Pretty Good Protection (PGP

CISSPGOALCISSPGOAL Member Posts: 27 ■□□□□□□□□□
Pretty Good Protection (PGP): uses Symmetric encryption to encrypt and uses Asymmetric algorithm to encrypt session key and send it securely to the receiver

Is the above statement true and could someone explain, please.

Thank You.

Comments

  • cyberguyprcyberguypr Senior Member Mod Posts: 6,927 Mod
    It should be Pretty Good Privacy. This SANS paper explains the use of symmetric and asymmetric crypto pretty good (pun intended).

    http://www.sans.org/reading-room/whitepapers/vpns/pgp-hybrid-solution-717
  • CyberscumCyberscum Member Posts: 795 ■■■■■□□□□□
    Its Pretty Good Privacy.

    Its a hybrid cryptosystem. Simple here:

    To encrypt a message addressed to Alice in a hybrid cryptosystem, Bob does the following:
    1. Obtains Alice's public key.
    2. Generates a fresh symmetric key for the data encapsulation scheme.
    3. Encrypts the message under the data encapsulation scheme, using the symmetric key just generated.
    4. Encrypt the symmetric key under the key encapsulation scheme, using Alice's public key.
    5. Send both of these encryptions to Alice.
    To decrypt this hybrid ciphertext, Alice does the following:
    1. uses her private key to decrypt the symmetric key contained in the key encapsulation segment.
    2. uses this symmetric key to decrypt the message contained in the data encapsulation segment.
  • Spin LockSpin Lock Member Posts: 142
    CISSPGOAL wrote: »
    Pretty Good Protection (PGP): uses Symmetric encryption to encrypt and uses Asymmetric algorithm to encrypt session key and send it securely to the receiver

    Is the above statement true and could someone explain, please.

    Thank You.


    Like many topics covered by the CISSP exam, PGP is one of those topics that is fairly deep. And if your goal was to implement PGP on a Linux server, it would take a fair amount of time and research. Fortunately, the CISSP exam doesn't expect you to be an PGP implementation expert. The exam is "an inch deep and mile wide" as the cliche goes.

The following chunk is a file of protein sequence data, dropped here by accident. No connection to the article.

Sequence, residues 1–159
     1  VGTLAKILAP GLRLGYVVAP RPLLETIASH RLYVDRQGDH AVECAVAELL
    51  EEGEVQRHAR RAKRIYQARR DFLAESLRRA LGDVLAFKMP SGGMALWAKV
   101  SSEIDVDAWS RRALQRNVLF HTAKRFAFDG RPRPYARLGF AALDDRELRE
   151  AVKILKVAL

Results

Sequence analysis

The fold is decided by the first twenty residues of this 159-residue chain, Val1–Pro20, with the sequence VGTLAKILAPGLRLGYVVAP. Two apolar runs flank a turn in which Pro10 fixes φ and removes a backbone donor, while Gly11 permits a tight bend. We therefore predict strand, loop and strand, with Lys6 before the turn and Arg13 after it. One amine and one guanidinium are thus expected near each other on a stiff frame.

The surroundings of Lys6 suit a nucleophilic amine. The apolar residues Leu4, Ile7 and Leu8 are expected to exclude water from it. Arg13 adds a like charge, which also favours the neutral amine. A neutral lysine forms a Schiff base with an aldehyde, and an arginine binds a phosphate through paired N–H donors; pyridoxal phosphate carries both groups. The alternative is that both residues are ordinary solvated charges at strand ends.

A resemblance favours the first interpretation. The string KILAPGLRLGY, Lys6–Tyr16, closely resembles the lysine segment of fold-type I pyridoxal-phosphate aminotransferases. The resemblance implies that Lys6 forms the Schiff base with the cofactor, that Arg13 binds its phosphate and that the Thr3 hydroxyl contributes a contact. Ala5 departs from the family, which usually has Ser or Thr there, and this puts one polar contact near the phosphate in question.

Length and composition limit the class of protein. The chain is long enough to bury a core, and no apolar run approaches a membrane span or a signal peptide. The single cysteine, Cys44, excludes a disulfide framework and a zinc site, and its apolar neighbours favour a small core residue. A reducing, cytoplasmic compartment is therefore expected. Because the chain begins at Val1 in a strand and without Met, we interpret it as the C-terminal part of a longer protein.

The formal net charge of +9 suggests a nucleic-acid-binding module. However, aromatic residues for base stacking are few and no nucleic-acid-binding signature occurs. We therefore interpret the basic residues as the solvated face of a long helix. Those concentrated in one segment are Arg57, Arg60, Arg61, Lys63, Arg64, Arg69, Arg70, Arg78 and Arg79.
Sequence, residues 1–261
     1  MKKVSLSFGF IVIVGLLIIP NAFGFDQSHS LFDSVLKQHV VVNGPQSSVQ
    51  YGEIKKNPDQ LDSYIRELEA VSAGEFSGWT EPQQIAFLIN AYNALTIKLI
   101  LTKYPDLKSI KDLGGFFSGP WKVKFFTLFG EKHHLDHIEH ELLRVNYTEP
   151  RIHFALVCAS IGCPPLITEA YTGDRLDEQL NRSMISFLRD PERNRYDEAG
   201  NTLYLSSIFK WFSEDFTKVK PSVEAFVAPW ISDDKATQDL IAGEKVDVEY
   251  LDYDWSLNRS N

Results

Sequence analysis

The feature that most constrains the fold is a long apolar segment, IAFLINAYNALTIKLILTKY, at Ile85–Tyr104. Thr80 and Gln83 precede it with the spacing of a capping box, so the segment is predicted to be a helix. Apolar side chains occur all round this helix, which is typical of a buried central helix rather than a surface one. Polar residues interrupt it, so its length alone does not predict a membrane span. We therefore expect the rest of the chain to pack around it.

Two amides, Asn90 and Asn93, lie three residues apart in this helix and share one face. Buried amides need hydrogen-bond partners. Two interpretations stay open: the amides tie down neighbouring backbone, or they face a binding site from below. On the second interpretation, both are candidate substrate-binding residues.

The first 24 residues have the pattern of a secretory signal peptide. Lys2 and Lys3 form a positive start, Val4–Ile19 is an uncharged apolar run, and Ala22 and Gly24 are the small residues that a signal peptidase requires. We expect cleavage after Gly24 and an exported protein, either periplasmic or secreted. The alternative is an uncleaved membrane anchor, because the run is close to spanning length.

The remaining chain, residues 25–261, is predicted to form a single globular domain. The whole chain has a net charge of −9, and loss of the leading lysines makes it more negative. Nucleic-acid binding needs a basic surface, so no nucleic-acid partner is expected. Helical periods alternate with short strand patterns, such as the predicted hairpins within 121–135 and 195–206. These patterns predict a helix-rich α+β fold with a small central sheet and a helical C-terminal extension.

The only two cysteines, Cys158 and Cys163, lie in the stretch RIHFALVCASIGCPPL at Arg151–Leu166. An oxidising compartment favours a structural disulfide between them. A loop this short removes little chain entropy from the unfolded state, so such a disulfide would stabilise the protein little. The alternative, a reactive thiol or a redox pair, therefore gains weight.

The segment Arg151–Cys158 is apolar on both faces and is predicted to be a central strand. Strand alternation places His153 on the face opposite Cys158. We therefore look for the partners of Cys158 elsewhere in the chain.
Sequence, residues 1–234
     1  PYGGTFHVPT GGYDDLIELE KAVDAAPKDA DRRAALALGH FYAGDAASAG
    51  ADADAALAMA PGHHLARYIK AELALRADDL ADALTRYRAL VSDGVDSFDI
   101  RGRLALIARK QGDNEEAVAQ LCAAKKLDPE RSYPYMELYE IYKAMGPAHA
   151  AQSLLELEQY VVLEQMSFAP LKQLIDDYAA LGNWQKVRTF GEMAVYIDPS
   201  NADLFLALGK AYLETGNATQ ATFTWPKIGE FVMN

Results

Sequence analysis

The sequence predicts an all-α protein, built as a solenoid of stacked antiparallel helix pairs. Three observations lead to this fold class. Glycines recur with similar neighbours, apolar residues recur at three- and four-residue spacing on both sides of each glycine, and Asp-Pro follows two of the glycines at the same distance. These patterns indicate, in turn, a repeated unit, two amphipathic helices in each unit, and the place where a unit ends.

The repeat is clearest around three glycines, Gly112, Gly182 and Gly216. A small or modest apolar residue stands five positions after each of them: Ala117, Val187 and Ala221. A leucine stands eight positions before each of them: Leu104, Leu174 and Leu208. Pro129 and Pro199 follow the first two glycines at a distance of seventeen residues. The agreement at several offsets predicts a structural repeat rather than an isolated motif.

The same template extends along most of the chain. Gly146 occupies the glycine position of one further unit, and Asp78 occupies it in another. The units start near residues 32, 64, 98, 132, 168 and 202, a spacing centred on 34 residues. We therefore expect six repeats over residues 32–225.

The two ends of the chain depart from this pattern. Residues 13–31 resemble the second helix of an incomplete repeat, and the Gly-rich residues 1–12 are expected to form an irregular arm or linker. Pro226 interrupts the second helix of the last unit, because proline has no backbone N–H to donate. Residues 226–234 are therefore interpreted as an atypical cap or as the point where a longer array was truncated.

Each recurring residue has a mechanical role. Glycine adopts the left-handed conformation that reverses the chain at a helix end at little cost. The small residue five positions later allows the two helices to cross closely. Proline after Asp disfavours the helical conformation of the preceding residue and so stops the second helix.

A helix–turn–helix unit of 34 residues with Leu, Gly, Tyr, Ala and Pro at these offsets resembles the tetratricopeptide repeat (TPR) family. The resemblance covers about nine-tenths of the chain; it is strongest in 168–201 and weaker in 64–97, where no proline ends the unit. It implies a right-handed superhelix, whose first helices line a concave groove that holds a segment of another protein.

So for the purposes of the exam, here is my "1 inch deep" explanation of PGP.

    1. As Cyberscum pointed out, PGP is a hybrid cryptosystem, which means it uses both private key (symmetric cipher) and public key (asymmetric cipher) to ensure secure end to end communication.

    2. One of the most critical components of a hybrid cryptosystem is ensuring the Public Key is authentic. In other words, if I'm trying to communicate securely with Bill Gates using a hybrid cryptosystem like PGP, I will have to send him the session key encrypted with his Public Key. But how do I get his public key? I guess he could email it to me - but how do I know the key is really coming from Bill Gates and not a hacker launching a man in the middle attack? This is a fundamental weakness with a hybrid cryptosystem - ensurng the public key you are using actually is registered to the intended recipient and not a forgery.

    3. So how is the authenticity of a public key guaranteed? There are two ways: 1)Use Public Key Infrastructure (PKI) or 2) Use the "Web of Trust" method. PGP uses Web of Trust not PKI to ensure the public keys being used are authentic. However, it's worth understanding how both PKI and Web of Trust function.